James Antle of the Washington Examiner looks into key factors that will help guide the upcoming Supreme Court nomination fight.

The looming battle over President Trump’s third Supreme Court nominee will be colored by lingering bad blood over past confirmation fights, as both Democrats and Republicans have been radicalized by perceived slights to previous nominees.

Republicans and conservative activists are incensed by the treatment of Justice Brett Kavanaugh, who they believe was falsely smeared as a rapist and dealt with unfairly by Senate Judiciary Committee Democrats. Sen. Lindsey Graham, the South Carolina Republican who currently chairs the panel, has specifically invoked the Kavanaugh hearings in explaining why he has abandoned his reluctance to confirm a Supreme Court nominee during an election year.

“Lastly, after the treatment of Justice Kavanaugh I now have a different view of the judicial-confirmation process,” Graham wrote in a letter to committee Democrats, after first noting there was precedent for the Senate failing to confirm an opposite party’s high-court nominee in an election year. “Compare the treatment of Robert Bork, Clarence Thomas, Samuel Alito, and Brett Kavanaugh to that of Ruth Bader Ginsburg, Sonia Sotomayor, and Elena Kagan, and it’s clear that there already is one set of rules for a Republican president and one set of rules for a Democrat president.”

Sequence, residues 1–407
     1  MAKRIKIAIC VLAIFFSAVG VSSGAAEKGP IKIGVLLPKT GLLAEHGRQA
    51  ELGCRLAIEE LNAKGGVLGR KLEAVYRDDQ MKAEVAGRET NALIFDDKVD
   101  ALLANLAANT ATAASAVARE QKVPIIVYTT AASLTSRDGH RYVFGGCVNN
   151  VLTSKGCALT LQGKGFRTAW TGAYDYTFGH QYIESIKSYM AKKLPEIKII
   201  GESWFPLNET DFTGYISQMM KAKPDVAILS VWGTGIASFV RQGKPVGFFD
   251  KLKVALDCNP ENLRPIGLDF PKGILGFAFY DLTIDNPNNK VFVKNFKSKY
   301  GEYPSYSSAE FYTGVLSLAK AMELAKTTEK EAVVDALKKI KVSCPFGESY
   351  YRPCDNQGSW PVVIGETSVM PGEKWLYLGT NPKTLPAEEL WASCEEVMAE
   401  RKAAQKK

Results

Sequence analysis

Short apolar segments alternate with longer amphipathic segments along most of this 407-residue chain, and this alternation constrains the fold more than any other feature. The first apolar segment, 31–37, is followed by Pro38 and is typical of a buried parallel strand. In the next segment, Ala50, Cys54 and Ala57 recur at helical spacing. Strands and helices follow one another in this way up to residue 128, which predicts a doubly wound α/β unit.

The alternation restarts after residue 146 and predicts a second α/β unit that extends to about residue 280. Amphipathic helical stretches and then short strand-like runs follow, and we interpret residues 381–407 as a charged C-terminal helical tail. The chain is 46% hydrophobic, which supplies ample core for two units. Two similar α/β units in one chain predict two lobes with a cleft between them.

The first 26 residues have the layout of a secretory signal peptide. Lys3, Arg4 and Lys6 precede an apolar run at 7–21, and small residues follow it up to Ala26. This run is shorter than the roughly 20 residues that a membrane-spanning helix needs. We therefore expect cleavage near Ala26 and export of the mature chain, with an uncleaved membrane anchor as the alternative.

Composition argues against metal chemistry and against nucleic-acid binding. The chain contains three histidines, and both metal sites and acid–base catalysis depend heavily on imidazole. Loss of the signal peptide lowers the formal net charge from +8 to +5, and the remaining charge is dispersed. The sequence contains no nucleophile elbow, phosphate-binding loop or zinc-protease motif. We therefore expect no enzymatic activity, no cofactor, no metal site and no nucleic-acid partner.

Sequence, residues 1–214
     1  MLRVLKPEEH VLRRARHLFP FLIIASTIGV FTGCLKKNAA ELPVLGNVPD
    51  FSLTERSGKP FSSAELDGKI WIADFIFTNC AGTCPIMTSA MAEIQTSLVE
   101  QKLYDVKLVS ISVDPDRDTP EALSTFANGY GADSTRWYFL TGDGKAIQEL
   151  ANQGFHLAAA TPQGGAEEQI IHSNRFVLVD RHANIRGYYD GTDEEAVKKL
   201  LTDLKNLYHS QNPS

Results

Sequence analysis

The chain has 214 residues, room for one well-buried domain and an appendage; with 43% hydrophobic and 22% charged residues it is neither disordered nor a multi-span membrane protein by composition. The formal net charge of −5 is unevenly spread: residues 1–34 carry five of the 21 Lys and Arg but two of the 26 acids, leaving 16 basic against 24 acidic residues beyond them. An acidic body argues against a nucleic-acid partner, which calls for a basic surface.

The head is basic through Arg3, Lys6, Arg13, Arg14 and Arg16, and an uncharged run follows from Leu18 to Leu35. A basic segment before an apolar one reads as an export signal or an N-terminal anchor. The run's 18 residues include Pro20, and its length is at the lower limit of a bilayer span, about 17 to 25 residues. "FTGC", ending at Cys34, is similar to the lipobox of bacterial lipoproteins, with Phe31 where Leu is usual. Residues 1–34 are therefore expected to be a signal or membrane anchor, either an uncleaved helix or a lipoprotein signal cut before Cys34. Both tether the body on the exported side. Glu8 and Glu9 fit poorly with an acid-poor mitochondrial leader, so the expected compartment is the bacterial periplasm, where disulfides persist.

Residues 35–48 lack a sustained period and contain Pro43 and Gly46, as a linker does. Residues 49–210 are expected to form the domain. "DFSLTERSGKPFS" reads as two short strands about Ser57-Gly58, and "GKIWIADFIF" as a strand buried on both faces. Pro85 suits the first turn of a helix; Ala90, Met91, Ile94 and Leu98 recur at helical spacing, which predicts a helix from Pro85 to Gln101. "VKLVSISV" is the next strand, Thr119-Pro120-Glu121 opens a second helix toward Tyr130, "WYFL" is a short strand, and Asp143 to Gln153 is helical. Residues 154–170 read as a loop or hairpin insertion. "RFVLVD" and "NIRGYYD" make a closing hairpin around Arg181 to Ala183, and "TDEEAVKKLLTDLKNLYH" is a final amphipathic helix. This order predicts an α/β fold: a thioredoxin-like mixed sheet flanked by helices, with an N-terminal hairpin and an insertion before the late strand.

Graham was among the last Republicans to support Democratic Supreme Court picks, having voted to confirm President Barack Obama’s nominees Elena Kagan and Sonia Sotomayor.

Democrats counter that Kavanaugh got a seat on the Supreme Court, while Merrick Garland, the federal judge who was Obama’s choice to fill the vacancy created by Justice Antonin Scalia’s death, did not even get a hearing. In addition to avenging Garland, Democrats desperately want to defend Ginsburg’s seat and iconic status. If a Trump nominee to succeed her is confirmed, they will view both that seat and the one held by Justice Neil Gorsuch as stolen.